Japan’s catastrophic 9.0 earthquake and the resulting tsunamis and aftershocks have left 350,000 people homeless and 15,000 people missing, according to the latest reports. As the world mourns this event, many are looking to give money to help with relief efforts. The SVG team has been closely following the disaster and our mourning the loss of so many lives. While our work is exclusively in China, we wanted to compiled a short list of organizations and resources to aid our readers who are interested in giving to relief efforts. (Please note the following organizations are offered for your reference but are not endorsed by SVG.)
Charity Navigator: The charity ranking site features a list of organizations participating in relief efforts as well as helpful tips to consider before giving.
Doctors Without Borders (Médicines Sans Frontières): Medical professionals are on the ground running mobile clinics and conducting assessments of needs. They have not set aside a discretionary fund for the Japan earthquake but donors can give to their general fund.
Give2Asia: Our friends at Give2Asia have set up a Japan Earthquake & Tsunami Fund that will work to meet immediate and long term needs. Local advisors in Tokyo are helping them assess the disaster from the ground.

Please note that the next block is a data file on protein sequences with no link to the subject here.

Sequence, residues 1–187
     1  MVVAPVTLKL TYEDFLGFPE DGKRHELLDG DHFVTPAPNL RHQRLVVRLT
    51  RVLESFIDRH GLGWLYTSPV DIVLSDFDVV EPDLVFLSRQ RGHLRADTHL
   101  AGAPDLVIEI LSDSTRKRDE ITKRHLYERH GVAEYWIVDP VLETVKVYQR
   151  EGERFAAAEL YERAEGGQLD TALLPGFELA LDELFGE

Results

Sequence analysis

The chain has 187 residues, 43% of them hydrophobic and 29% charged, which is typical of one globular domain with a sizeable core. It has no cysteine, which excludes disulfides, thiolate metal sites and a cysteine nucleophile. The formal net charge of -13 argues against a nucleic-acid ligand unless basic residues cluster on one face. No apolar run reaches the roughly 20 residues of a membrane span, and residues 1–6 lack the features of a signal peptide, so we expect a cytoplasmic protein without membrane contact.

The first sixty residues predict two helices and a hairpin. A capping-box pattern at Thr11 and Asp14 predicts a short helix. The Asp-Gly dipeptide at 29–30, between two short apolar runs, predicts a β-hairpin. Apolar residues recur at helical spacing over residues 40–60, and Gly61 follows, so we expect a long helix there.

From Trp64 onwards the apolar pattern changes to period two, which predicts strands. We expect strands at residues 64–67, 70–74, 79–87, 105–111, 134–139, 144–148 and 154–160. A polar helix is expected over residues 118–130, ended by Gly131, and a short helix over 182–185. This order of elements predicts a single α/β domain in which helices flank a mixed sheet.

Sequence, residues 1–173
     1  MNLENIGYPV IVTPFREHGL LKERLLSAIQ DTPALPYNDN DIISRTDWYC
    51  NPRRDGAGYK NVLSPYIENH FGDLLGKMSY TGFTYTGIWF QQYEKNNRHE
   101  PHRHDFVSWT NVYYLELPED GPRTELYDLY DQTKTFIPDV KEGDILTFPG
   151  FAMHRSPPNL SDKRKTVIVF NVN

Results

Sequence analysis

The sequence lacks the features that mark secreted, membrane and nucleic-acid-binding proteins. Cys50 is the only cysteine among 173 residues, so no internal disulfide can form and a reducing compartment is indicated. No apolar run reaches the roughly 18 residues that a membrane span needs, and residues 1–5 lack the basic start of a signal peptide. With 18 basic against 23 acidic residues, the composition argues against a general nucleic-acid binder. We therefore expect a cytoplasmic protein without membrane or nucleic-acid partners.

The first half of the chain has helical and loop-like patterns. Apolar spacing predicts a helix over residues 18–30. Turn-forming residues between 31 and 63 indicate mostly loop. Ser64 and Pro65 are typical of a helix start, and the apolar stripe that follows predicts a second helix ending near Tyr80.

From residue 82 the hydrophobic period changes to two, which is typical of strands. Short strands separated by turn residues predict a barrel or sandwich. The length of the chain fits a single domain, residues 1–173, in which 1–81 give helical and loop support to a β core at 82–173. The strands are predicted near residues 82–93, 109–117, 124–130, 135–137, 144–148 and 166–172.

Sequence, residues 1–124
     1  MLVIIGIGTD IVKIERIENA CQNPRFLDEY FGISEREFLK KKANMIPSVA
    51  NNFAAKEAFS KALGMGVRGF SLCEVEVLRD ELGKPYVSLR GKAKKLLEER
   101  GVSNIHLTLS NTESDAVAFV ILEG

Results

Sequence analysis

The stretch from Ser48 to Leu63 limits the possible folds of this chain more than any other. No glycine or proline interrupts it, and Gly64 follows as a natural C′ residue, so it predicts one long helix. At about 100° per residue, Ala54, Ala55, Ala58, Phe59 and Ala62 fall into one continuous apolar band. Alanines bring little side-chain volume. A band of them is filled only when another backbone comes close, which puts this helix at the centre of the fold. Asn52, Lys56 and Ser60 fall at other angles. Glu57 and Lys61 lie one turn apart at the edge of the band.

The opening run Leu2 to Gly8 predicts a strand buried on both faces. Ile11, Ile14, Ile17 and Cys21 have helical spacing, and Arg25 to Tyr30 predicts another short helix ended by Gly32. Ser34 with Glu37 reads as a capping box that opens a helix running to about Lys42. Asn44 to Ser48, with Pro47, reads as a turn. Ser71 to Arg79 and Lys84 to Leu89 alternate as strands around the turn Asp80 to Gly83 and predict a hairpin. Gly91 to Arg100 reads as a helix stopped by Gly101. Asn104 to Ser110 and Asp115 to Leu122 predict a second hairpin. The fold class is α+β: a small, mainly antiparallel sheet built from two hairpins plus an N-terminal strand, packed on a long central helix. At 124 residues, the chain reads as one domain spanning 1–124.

Global Giving: Global Giving is working with organizations on the ground including Save the Children and International Medical Corps to provide relief aid. Their Japan Earthquake and Tsunami Relief Fund will disburse donations to their partner organizations. Updates will be sent to donors via email.
Recommendations on Giving: The Give Well blog recommends waiting to give to relief/recovery efforts and explains why based on lessons from the Haiti earthquake and Japan’s economic situation.
Save the Children: Existing staff and staff from across the globe are working with children and families, with a particular emphasis on the needs of children.
World Vision: World Vision will distribute relief supplies to quake and tsunami survivors and will focus on responding to the emotional needs of children.